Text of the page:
The main reason why it’s a good idea that children are raised in families is that parent-child relationships serve children’s developmental interests.
Given this account of familial relationship goods, we then ask: What do parents need to be free to do, to with and for their children in order for familial relationships to make their distinctive contribution? We want to leave room for parents and children to enjoy the goods that the family distinctively makes possible. But we don’t want to give them more room than that. Our commitment to fairness means that we should limit parents to those interactions genuinely demanded by a concern for “family values”.
Here are some mechanisms by which relatively advantaged parents are currently allowed to transmit their advantage to their children:
- elite schooling/private tuition
- access to social networks
- parenting styles
- values transmission/ambition formation
- reading bedtime stories
As one reads down the list one progresses from more impersonal or ‘external’ mechanisms, such as leaving money or other property to children, or investing in their education, to more informal and intimate mechanisms, the paradigm case here being parental reading of bedtime stories.
Our commitment to fairness means that we should limit parents to those interactions genuinely demanded by a concern for “family values”.
Bedtime stories are a paradigm case of a protected activity because the parent is providing the kind of relationship the child needs: he is intimately sharing physical space with his child; sharing the content of a story selected either by her or by him with her; providing the background for future discussions; preparing her for her bedtime and, if she is young enough, calming her; re-enforcing the mutual sense of identification one with another. He is giving her exclusive attention in a space designated for that exclusive attention at a particularly important time of her day. For familial relationships to work their magic, there must be ample space for parents to engage in activities with their children that involve this kind of thing. Bequeathing one’s child property, by contrast, or sending her to an elite private school, does not qualify. Thinking about why children should be raised in families, rather than in (possibly more egalitarian) state-run quasi-orphanages, we are not tempted to answer: “Because human beings have a vital interest in being able to bequeath property to their children, or to receive it from their parents”. That’s not why the family beats the quasi-orphanage.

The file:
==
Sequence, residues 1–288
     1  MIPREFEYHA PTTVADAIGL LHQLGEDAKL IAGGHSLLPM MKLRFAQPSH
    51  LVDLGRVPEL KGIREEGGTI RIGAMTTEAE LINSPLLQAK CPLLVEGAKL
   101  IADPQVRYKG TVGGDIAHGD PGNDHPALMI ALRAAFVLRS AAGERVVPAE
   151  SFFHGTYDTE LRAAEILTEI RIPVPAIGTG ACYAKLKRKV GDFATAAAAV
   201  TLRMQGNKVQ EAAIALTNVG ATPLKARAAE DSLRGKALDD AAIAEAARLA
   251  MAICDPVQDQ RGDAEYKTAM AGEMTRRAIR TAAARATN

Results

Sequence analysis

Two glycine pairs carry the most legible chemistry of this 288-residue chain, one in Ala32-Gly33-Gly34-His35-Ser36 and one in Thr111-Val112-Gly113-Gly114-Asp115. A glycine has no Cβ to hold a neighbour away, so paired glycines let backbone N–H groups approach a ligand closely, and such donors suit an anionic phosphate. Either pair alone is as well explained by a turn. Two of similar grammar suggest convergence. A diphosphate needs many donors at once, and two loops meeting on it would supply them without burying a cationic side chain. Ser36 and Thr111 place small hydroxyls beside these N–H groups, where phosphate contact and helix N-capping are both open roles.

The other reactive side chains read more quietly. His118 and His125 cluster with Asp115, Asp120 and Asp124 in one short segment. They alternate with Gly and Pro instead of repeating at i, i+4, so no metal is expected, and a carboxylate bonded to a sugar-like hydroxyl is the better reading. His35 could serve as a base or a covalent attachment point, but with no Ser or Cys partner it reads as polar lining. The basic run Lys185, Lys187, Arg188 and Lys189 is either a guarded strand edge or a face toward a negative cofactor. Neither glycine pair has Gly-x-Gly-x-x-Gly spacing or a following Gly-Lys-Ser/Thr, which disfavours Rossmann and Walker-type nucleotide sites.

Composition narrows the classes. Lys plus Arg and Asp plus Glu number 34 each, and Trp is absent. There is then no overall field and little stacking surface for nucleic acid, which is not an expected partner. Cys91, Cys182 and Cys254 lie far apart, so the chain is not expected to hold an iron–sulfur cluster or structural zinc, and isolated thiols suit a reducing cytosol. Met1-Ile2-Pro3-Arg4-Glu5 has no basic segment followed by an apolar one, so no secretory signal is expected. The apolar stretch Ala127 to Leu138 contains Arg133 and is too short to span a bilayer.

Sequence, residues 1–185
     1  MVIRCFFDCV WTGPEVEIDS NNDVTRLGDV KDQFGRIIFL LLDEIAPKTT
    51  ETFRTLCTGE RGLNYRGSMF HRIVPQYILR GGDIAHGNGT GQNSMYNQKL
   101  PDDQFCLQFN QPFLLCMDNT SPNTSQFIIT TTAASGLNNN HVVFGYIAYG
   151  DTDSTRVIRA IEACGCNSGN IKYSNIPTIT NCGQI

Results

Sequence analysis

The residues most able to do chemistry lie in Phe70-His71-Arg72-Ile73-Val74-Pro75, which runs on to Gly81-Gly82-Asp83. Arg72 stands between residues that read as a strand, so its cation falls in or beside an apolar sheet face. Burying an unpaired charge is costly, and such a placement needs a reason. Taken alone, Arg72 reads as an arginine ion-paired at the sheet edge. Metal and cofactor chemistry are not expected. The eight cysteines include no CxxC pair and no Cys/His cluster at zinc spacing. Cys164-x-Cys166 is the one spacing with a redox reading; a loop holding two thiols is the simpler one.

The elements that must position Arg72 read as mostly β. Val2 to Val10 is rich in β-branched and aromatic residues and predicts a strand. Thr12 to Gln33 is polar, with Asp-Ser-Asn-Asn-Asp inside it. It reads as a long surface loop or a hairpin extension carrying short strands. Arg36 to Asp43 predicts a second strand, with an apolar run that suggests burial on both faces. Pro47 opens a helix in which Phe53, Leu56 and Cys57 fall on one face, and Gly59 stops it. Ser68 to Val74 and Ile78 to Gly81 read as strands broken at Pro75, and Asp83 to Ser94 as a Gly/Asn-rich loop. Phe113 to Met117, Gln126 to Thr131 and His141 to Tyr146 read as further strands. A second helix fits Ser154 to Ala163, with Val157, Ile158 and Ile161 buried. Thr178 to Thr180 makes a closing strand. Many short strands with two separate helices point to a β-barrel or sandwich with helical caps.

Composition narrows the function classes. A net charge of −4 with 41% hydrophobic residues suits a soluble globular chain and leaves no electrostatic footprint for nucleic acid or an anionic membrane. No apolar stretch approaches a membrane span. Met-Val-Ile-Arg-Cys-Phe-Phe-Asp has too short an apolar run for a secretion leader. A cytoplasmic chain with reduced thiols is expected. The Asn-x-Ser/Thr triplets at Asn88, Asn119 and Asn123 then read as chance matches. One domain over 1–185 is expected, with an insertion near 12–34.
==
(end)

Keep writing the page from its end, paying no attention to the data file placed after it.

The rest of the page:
One caveat about this approach to the question needs highlighting. I’ve been offering a criterion for thinking about what kind of thing we could in principle prevent parents collectively from doing for their children for the sake of social justice and without violating parents’ rights.
In actual, non-ideal, circumstances, the decisions facing individual parents may be different. It could be, for example, that parents are in situations where they need to send their children to a private school to give them a fair chance, or to discharge their duty of care.  For most poor parents, or members of ethnic minorities, or parents of children with disabilities, whose children suffer from various biases in education systems and labour markets, bequeathing money, or buying private tuition or private schooling, may not conflict with social justice at all. Rather than seeking competitive advantage for their children, they could be simply providing some of the opportunities that their children would have enjoyed in a more just society.
 I am summarising views developed at much greater length in Harry Brighouse and Adam Swift Family Values: The Ethics of Parent-Child Relationships (Princeton University Press, 2014).
 See Adam Swift, How Not To Be A Hypocrite: School Choice for the Morally Perplexed Parent (Routledge 2003)